# Introduction

What is the Monty Hall problem? According to [Wikipedia](https://ja.wikipedia.org/wiki/Monty Hall problem)

There are three closed doors in front of the player, behind one door is a new prize car, and behind the two doors is a goat, which means off. Players can get a new car by hitting the door of the new car. After the player selects one door, the moderator Monty opens the remaining door with the goat and shows the goat. The player is now told that he may change the door of his choice to the remaining unopened door. Should the player change the door here?

It seems that it is a problem. (* However, Monty knows where to go and always opens the place where the goat is.) At first glance, it seems that the probability does not change whether you change the door or not, but in fact it seems that it is advantageous for the player to change it **. This time I would like to try this experiment a lot and compare the results. The language is always safe Java ~~ (as much as you like) ~~.

# Requirements

--Try Monty Hall with the number of doors set to NUMBER_DOORS. --Monty opens the door {NUMBER_DOORS --2} times. (That is, repeat until the last two choices.) --Whether to change the door is represented by CHANGE_DOOR. (If true, change the door. If false, do not change the door.) --Try only TRY_TIMES, and find the ratio of new cars assigned by the number of new cars assigned and TRY_TIMES. --Use Java (Oracle JDK 13).

# code

#### `Monty.java`

``````
import java.util.ArrayList;
import java.util.Collection;
import java.util.Collections;
import java.util.Set;
import java.util.HashSet;
import java.util.List;
import java.util.Random;

public class Monty {
public static final int NUMBER_DOORS = 4;
public static final int TRY_TIMES = 10000;
public static final boolean CHANGE_DOOR = true;

//Randomly get doors other than the specified door
public static int getOtherDoor(Collection<Integer> doorIndices) {
List<Integer> notSelectedDoors = new ArrayList<>();

for (int i = 0; i < NUMBER_DOORS; i++) {
if(!doorIndices.contains(i)){
}
}
Collections.shuffle(notSelectedDoors);
return notSelectedDoors.get(0);
}

//Monty Hall Trial
public static boolean montyHoll(){
//The number of times Monty opens the door
final int OPEN_DORE_TIMES = NUMBER_DOORS - 2;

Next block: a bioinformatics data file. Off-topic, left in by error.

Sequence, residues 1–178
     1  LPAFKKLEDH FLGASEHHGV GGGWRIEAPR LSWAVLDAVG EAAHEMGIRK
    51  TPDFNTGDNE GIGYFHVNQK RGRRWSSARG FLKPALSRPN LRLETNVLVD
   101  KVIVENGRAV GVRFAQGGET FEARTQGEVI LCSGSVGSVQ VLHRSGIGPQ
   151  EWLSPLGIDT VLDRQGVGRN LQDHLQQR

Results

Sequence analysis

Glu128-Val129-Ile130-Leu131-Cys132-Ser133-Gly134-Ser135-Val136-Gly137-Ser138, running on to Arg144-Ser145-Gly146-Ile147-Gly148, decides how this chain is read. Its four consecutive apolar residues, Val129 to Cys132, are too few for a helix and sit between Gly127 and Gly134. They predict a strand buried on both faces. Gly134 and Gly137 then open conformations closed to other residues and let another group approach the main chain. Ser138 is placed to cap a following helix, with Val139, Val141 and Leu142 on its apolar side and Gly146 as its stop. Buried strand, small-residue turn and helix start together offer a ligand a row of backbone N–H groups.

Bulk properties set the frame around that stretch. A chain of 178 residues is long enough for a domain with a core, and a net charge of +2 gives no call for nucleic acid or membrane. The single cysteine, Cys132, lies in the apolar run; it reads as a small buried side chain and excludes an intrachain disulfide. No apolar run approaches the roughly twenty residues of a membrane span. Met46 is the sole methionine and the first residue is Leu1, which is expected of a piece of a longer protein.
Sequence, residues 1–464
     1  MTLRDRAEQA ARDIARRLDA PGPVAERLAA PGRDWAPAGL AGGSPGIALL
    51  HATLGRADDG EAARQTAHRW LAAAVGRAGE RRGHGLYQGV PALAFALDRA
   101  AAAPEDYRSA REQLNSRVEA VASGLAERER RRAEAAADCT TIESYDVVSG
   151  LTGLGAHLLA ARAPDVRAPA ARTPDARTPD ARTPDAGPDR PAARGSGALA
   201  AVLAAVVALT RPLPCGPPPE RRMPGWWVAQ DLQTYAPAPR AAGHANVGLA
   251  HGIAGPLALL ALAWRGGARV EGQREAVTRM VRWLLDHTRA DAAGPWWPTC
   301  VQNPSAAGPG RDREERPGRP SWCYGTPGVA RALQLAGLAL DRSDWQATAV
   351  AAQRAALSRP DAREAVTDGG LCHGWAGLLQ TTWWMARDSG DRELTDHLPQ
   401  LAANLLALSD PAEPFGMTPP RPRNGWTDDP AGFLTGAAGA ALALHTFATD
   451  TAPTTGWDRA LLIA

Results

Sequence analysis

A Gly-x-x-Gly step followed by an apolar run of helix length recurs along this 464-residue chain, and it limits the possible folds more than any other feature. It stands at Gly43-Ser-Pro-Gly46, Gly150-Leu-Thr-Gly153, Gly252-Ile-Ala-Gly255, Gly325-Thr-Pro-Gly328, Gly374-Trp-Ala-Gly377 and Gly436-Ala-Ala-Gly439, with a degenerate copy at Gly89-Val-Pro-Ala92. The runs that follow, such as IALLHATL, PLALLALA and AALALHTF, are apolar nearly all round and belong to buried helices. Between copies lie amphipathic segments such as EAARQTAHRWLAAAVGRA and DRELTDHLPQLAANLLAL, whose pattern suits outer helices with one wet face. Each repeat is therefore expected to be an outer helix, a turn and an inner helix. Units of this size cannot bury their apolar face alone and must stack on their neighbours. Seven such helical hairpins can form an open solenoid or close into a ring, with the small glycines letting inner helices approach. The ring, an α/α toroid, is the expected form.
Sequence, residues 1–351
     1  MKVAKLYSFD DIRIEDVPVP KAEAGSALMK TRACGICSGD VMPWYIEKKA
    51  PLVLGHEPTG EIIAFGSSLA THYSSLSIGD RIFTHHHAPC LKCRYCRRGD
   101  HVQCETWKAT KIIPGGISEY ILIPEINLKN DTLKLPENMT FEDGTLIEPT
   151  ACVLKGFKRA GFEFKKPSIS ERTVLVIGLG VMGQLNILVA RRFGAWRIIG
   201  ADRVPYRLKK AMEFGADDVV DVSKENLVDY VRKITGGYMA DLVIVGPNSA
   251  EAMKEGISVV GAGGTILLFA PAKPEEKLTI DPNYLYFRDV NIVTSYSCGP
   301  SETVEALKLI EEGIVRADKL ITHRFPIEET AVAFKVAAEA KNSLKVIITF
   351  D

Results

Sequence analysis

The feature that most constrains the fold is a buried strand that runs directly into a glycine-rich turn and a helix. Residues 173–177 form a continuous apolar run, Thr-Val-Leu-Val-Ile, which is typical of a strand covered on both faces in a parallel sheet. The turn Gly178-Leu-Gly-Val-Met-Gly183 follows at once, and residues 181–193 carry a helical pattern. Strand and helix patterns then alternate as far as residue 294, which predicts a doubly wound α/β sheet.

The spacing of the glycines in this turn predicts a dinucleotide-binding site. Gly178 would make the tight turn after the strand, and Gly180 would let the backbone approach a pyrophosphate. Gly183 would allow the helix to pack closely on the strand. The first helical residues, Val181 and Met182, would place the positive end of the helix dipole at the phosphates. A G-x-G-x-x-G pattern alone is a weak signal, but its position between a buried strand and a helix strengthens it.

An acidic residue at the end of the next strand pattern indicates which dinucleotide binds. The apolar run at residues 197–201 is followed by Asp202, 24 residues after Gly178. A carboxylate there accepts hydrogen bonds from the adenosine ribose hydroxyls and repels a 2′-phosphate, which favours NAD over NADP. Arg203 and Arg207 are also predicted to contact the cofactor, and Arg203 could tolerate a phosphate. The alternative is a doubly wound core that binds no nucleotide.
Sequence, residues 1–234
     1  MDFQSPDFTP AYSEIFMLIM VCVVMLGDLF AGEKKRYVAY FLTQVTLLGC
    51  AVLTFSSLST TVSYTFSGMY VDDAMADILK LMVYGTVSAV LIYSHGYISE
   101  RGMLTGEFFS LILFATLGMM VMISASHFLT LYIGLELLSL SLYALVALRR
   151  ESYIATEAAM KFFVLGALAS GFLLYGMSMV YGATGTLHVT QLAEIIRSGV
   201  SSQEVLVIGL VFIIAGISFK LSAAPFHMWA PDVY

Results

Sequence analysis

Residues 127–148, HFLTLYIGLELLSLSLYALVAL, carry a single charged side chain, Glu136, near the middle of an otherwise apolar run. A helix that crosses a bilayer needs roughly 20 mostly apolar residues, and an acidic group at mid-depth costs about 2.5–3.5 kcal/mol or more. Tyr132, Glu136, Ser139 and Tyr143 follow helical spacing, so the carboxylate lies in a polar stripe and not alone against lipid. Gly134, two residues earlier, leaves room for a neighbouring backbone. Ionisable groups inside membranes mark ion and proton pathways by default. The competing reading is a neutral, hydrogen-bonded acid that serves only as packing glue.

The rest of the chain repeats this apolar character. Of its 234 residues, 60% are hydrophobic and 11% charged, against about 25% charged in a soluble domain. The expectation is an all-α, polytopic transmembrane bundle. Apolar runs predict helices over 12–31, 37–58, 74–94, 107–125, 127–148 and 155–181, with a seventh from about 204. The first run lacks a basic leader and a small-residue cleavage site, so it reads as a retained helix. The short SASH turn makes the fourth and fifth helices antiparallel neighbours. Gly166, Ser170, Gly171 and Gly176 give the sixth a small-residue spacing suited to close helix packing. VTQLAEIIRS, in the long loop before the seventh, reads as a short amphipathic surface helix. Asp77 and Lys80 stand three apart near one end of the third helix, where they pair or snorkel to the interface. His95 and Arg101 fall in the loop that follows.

Random r = new Random();
int collectDoorIndex = r.nextInt(NUMBER_DOORS);
int firstSelectDoorIndex = r.nextInt(NUMBER_DOORS);

Set<Integer> notWillOpenDoorIndices = new HashSet<>();
Set<Integer> openDoorIndices = new HashSet<>();

for (int i = 0; i < OPEN_DORE_TIMES; i++) {
int otherDoor = getOtherDoor(notWillOpenDoorIndices);
}

Set<Integer> notWillSelectDoorIndices = new HashSet<>(openDoorIndices);

int secondSelectDoorIndex = CHANGE_DOOR?getOtherDoor(notWillSelectDoorIndices):firstSelectDoorIndex;

boolean getCar = (collectDoorIndex == secondSelectDoorIndex);
/*System.out.printf("c:%d,fs:%d,ss:%d,g:%s\n",
collectDoorIndex, firstSelectDoorIndex, secondSelectDoorIndex, Boolean.toString(getCar));*/
return getCar;
}

public static void main(String[] args) {
int getCarTimes = 0;
for (int i = 0; i < TRY_TIMES; i++) {
if(montyHoll()){
getCarTimes++;
}
}
System.out.println((double)getCarTimes / (double)TRY_TIMES);
}
}
``````

# result

――We experimented three times each. ――However, if you change the door and if you do not change it, we will do it separately. (That is, the horizontal direction does not correspond.)

Table 1: Three doors

No. If you change the door If you don't change the door
1 0.6687 0.3401
2 0.6683 0.3409
3 0.6631 0.3351

Table 2: 4 doors

No. If you change the door If you don't change the door
1 0.7561 0.2531
2 0.7486 0.2463
3 0.7534 0.2514

Table 3: Five doors

No. If you change the door If you don't change the door
1 0.8006 0.2086
2 0.8038 0.2059
3 0.8011 0.1947

# Summary

――No matter how many doors you have, changing the door seems to have a higher probability. ――The more doors you have, the more advantageous it will be to change them.

# in conclusion

Until very recently, this problem didn't go unnoticed. With this, I feel like I was able to swallow it for the time being. After all it is important to confirm.